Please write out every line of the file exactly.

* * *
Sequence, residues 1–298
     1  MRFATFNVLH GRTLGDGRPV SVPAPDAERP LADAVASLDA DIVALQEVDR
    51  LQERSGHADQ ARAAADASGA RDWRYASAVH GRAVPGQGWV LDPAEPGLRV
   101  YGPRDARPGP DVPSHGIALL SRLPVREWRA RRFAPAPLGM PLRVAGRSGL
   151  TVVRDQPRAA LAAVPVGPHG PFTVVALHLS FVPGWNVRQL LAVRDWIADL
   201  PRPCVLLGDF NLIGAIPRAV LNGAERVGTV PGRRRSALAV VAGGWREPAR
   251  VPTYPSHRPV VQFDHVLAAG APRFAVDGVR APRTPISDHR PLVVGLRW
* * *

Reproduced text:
Sequence, residues 1–298
     1  MRFATFNVLH GRTLGDGRPV SVPAPDAERP LADAVASLDA DIVALQEVDR
    51  LQERSGHADQ ARAAADASGA RDWRYASAVH GRAVPGQGWV LDPAEPGLRV
   101  YGPRDARPGP DVPSHGIALL SRLPVREWRA RRFAPAPLGM PLRVAGRSGL
   151  TVVRDQPRAA LAAVPVGPHG PFTVVALHLS FVPGWNVRQL LAVRDWIADL
   201  PRPCVLLGDF NLIGAIPRAV LNGAERVGTV PGRRRSALAV VAGGWREPAR
   251  VPTYPSHRPV VQFDHVLAAG APRFAVDGVR APRTPISDHR PLVVGLRW